That he was deeply knowledgeable in the latter and often based his stories in actual locations or history is attested to by the many annotations and pictures in the margins of this book. That his writing is heavily dependent on description, some of it highly florid, is also certain. He loves using adjectives and adverbs, many of them unlikely, such as describing ruins as “hideously ancient.” In fact, he seems to have a fascination and repugnance for old things, both at the same time—or at least his narrators do.

The earlier stories are very short, only a couple of pages, while the later ones get longer and longer, so that I finished about half of the book but more than 3/4 of the stories.

Some of the more notable stories are “The Shunned House,” based on an actual house in Providence, in which the inhabitants seem to die off; “The Rats in the Walls,” combining a haunted house story with one of his favorite themes of a dark, hidden family history; and “The Outsider,” about a being who discovers he lives in a crypt. One of the stories, “Ex Oblivione,” described as a prose poem, I was unable to finish, but the rest were entertaining enough, just not my thing.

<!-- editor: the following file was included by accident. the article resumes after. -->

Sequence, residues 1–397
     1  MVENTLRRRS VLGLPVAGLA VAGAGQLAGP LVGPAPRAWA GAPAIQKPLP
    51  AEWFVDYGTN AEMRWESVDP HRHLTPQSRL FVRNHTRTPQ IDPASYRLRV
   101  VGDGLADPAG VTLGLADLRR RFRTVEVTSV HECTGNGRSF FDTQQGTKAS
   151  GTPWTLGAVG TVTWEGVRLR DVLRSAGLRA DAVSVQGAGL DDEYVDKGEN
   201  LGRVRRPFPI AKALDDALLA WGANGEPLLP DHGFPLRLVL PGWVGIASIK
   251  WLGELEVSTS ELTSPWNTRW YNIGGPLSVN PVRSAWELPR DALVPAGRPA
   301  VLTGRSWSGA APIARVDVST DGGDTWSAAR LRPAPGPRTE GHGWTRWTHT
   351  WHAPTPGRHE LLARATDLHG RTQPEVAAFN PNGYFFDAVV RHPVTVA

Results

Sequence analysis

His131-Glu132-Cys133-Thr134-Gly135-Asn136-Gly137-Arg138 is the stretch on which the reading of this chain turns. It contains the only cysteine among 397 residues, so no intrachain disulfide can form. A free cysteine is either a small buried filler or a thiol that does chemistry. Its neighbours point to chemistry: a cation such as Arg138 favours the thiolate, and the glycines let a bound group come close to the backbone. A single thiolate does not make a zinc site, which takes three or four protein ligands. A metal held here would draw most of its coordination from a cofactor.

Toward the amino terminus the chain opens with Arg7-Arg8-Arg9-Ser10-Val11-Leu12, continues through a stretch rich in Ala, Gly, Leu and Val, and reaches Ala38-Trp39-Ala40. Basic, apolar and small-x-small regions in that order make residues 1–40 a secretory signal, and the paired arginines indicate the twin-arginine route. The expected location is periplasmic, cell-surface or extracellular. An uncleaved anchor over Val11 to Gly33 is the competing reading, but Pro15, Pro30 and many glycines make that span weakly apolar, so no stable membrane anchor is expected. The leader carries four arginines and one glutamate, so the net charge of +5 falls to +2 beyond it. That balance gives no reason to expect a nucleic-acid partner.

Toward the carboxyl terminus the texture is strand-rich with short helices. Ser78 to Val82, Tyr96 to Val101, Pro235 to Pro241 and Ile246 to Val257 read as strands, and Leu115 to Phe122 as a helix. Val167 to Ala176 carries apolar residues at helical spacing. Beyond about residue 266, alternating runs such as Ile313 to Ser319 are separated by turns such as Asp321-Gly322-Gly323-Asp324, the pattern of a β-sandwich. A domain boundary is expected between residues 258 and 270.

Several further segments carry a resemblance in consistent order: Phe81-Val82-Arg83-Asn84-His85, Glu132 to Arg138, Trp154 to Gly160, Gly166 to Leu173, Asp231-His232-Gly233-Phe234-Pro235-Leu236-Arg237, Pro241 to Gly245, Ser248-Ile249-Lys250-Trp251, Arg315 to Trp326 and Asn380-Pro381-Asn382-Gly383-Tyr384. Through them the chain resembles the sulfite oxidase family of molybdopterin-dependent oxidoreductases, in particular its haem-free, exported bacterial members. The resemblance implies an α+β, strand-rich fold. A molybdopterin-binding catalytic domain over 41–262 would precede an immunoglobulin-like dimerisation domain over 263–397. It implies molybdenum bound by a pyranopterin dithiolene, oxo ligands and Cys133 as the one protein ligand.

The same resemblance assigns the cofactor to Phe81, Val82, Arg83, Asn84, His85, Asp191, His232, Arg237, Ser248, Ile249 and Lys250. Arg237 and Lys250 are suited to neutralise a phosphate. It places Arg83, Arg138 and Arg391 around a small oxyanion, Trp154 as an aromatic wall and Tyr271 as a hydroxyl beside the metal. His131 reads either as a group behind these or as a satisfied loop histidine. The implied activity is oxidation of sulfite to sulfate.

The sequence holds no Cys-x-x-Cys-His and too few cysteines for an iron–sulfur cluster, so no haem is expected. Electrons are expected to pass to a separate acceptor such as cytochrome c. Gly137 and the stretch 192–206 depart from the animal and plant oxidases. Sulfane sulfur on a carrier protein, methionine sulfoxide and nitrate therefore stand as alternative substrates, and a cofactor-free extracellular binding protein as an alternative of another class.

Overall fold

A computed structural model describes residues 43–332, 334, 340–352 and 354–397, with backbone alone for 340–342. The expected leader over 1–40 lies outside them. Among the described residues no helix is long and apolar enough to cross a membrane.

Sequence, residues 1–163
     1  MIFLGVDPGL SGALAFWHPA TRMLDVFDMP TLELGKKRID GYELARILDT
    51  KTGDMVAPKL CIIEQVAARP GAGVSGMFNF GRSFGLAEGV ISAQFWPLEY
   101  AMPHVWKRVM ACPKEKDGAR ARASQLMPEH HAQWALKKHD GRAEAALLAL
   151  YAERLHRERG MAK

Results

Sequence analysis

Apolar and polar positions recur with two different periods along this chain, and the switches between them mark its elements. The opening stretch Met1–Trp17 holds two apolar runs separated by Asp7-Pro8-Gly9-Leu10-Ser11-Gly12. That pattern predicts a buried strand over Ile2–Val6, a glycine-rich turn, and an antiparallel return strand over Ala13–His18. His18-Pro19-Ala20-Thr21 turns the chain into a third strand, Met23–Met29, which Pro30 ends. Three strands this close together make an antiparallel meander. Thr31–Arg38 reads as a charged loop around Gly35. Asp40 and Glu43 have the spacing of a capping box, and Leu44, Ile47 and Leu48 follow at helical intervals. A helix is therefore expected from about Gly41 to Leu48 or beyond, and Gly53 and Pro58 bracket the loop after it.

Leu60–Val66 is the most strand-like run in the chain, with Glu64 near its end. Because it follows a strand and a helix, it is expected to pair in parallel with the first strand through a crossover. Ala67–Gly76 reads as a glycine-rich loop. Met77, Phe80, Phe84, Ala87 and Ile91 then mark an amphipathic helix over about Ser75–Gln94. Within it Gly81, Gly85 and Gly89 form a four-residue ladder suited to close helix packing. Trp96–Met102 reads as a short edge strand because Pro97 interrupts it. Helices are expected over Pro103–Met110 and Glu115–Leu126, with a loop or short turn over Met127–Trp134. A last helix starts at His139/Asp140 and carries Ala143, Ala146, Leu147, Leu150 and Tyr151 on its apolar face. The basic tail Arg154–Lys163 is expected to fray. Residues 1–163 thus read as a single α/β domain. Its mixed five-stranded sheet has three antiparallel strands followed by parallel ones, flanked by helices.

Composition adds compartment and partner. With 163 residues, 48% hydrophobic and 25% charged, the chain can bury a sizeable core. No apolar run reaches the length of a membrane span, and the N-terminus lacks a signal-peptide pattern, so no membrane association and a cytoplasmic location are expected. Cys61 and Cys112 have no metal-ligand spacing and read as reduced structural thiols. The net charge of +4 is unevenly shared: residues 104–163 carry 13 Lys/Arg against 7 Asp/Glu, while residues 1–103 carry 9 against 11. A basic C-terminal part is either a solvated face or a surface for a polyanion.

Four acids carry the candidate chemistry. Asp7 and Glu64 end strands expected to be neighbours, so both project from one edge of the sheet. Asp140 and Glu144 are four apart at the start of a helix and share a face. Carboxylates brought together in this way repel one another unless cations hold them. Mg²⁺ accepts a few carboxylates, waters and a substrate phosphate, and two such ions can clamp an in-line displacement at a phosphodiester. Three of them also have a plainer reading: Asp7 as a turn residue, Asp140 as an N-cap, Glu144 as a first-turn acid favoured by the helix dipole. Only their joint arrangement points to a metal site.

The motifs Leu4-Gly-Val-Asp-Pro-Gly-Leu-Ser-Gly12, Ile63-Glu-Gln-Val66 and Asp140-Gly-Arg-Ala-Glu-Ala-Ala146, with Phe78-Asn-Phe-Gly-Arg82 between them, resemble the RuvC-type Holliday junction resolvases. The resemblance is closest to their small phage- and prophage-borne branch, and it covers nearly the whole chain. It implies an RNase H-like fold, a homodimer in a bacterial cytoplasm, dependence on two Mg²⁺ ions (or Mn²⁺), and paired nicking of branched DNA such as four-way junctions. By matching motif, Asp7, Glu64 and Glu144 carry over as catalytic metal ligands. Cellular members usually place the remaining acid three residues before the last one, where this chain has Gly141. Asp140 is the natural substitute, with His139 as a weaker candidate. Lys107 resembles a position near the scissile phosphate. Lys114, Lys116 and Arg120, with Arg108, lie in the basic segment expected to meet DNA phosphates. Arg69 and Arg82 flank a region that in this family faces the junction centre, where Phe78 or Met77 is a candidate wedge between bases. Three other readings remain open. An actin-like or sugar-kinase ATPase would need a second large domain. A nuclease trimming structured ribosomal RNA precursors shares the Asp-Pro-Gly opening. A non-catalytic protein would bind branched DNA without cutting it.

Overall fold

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Review 1526: Olive, Again

Best of Ten!
Reading Olive Kitteridge years ago was a revelation to me, first about structure—how Strout could create a novel of a bunch of loosely connected stories—and second about her empathy for her characters, ordinary people in a small Maine town. Finally, there was that force of nature, Olive herself.

Olive, Again is no disappointment. This novel is structured much the same as Olive Kitteridge, stories about Olive and stories in which she is a secondary character or is simply mentioned or thought of. Olive herself is an old woman, who nevertheless toward the beginning of the novel embarks on her second marriage. The novel revisits her difficult relationship with her son, who brings his family for a disastrous visit that gives Olive insight into their relationship as well as that between herself and her first husband, Henry.

Olive is still her straightforward, brusque self, but many of the stories are about troubled people who feel better after encounters with her. Because they live in a small town, people who are the focus of one story appear or are mentioned in the others. For example, in “Helped,” Suzanne Larkin, from a disturbed family, has a heartfelt talk with her father’s lawyer, Bernie, whom Olive meets when she is living in an assisted living facility later in life.

Characters from some of Strout’s other books appear here, too, perhaps more characters than I remembered. Certainly, there are Jim and Bob Burgess from The Burgess Boys, a story about Jim and his wife visiting from New York, as well as Isabelle from Amy and Isabelle, whom Olive befriends in assisted living.

This is another warm and empathetic novel about complex but ordinary people. Strout is a master crafter of a tale.

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Review 1511: Nocturnes